Killing the 3.5mm jack on iPhone 7 is good for audiophiles in long-term
Apple iPhone 7 iPhone 7 plus audio
The rumours are true: Apple has removed the 3.5mm headphone jack from the iPhone 7. In the short term, this will result in a lot of downsides for audiophiles. However, in the bigger picture it was inevitable and could actually improve the listening experience.
Apple co-founder Steve Wozniak summed up the problem with wireless headphones earlier in the year, commenting:
“I would not use Bluetooth … I don’t like wireless. I have cars where you can plug in the music, or go through Bluetooth, and Bluetooth just sounds so flat for the same music.”
iPhone 7, iPhone 7 Plus equipped with Lightning jack
Apple replaced the 138-year-old headphone jack technology with its proprietary Lightning jack. The latter shares a number of similarities with USB Type-C, which has been used to power MacBook models from early 2015 onwards. The change to Lightning enabled Apple to make the iPhone 7 and iPhone 7 Plus waterproof and slimmer. It also allows a bigger screen without changing the dimensions of the device. Preorders for both new models open tomorrow and they will be available on September 16.
Lighting has other advantages over the analog headphone jack. For example, the 3.5mm jack can cause interference on digital devices. A purely digital solution also allows developers to move the audio circuitry from the phone into the headphones. In general smartphone headphone power amplifiers are nothing to get excited about. Moving the amplifiers into the headphones, if matched by a quality product, will enable better audio quality on the go.
Apple: Removing headphone jack from iPhone 7 took “courage”
At the San Francisco iPhone 7 launch, Apple marketing vice-president Phil Schiller explained the design shift:
“The reason to move on: courage. The courage to move on and do something new that betters all of us.”
Now, here’s the bad news: the reality is that Apple is forcing iPhone 7 users to pick between wireless headphones, Lighting-equipped headphones or the included 3.5mm adaptor. All of these options present problems.
Current Wireless headphones have sub-par sound quality compared to the wired brethren. Furthermore, constantly monitoring their battery state is a hassle. Lightning headphones are rather light on the ground currently. In time there is no doubt that there will be many third party developers joining that market. Even so, it will result in a format war and you may not be able to get your preferred model with a Lightning jack. Finally, no one likes using an adapter on smartphone headphones. It might be (barely) acceptable on a desktop PC, but unintentionally pulling the jack from a phone adapter is inevitable.
Apple reveal Lightning EarPods and wireless AirPods
So what is Apple offering us in light of these issues? The iPhone 7 and iPhone 7 Plus will ship with Lightning-equipped EarPods. Unfortunately you can’t use them while charging your device, as the iPhone 7 only has a single Lightning jack.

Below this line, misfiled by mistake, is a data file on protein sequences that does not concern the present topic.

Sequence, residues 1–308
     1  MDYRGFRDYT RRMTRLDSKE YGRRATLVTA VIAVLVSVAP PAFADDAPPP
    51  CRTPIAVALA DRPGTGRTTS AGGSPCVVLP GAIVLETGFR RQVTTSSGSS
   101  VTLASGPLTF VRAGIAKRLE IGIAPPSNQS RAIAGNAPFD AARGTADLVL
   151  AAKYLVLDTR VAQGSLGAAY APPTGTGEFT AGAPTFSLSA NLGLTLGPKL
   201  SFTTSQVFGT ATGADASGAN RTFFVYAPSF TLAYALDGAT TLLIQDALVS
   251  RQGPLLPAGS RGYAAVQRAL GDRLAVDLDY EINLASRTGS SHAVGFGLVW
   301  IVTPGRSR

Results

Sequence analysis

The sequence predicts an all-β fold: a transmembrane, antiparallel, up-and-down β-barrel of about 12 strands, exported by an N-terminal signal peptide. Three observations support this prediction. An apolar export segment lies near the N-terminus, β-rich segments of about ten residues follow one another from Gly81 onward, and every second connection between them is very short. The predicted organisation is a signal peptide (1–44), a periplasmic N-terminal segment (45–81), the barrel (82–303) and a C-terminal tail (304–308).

As an alternative, Apple are offering $159 wireless AirPods. These headphones don’t ship with the phone and will become available in late October. It’s disappointing that users have to wait two months to get their hands on the Airpods, especially as they are one of the most notable advances. They can connect to any Apple device that runs the latest version of its operating system (iOS 10, macOS Sierra or watch OS3).
The Airpods are designed to “eliminate the hassles of wireless headphones” by including sensors that automatically play and pause media. Even so, they still only offer five hours of battery life. I own a pair of wireless headphones with the same battery rating and keeping them charged is a constant hassle.
Apple did not equip the Airpods with linking cable. As a result users have raised the likelihood that the 16.5mm x 18mm x 40.5mm headphones will present a choking hazard to small children. Furthermore, misplacing one or both of the tiny Airpods would be simultaneously easy to do and very expensive.
Can Apple win the oncoming format war?
It’s not the first timeApple has tried to drag consumers kicking and screaming into a new era. The launch of the iMac in 1998 was met with controversy as it was the first computer to remove the floppy disk drive and replace it with USB. The floppy was a computing standard at the time, while the USB was the new kid on the block. Initially Mac USB-compatible products were light on the ground but they became common following the release.
In 2008 Apple introduced the MacBook Air. Marketed as the world’s thinnest laptop, this advance was made possible by the removal of the CD-ROM drive and Ethernet port. They were both ubiquitous at the time but I can’t remember the last time I used the CD drive on my computer.
Apple’s smartphone market share dropped 1.7 percent from the second quarter of 2015 to the second quarter of 2016. The company now sits on 12.9 percent, which is well-behind Samsung at 22.3 per cent. The fate of the iPhone 7 will show if Apple still have the power to lead the market.